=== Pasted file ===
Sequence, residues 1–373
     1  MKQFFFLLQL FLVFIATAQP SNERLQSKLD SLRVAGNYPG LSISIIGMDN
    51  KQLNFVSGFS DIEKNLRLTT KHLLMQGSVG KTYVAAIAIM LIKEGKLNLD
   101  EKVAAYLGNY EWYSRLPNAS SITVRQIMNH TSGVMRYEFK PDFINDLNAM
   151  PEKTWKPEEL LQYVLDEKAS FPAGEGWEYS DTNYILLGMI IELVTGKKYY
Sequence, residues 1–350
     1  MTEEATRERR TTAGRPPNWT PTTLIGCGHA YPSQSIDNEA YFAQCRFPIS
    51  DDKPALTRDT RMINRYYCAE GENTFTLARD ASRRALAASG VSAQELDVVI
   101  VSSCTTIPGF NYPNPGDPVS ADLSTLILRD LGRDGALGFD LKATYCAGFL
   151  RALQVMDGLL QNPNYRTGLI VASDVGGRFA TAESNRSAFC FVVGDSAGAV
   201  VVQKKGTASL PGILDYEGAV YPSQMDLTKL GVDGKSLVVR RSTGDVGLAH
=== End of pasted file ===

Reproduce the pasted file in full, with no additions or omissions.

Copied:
Sequence, residues 1–373
     1  MKQFFFLLQL FLVFIATAQP SNERLQSKLD SLRVAGNYPG LSISIIGMDN
    51  KQLNFVSGFS DIEKNLRLTT KHLLMQGSVG KTYVAAIAIM LIKEGKLNLD
   101  EKVAAYLGNY EWYSRLPNAS SITVRQIMNH TSGVMRYEFK PDFINDLNAM
   151  PEKTWKPEEL LQYVLDEKAS FPAGEGWEYS DTNYILLGMI IELVTGKKYY
Sequence, residues 1–350
     1  MTEEATRERR TTAGRPPNWT PTTLIGCGHA YPSQSIDNEA YFAQCRFPIS
    51  DDKPALTRDT RMINRYYCAE GENTFTLARD ASRRALAASG VSAQELDVVI
   101  VSSCTTIPGF NYPNPGDPVS ADLSTLILRD LGRDGALGFD LKATYCAGFL
   151  RALQVMDGLL QNPNYRTGLI VASDVGGRFA TAESNRSAFC FVVGDSAGAV
   201  VVQKKGTASL PGILDYEGAV YPSQMDLTKL GVDGKSLVVR RSTGDVGLAH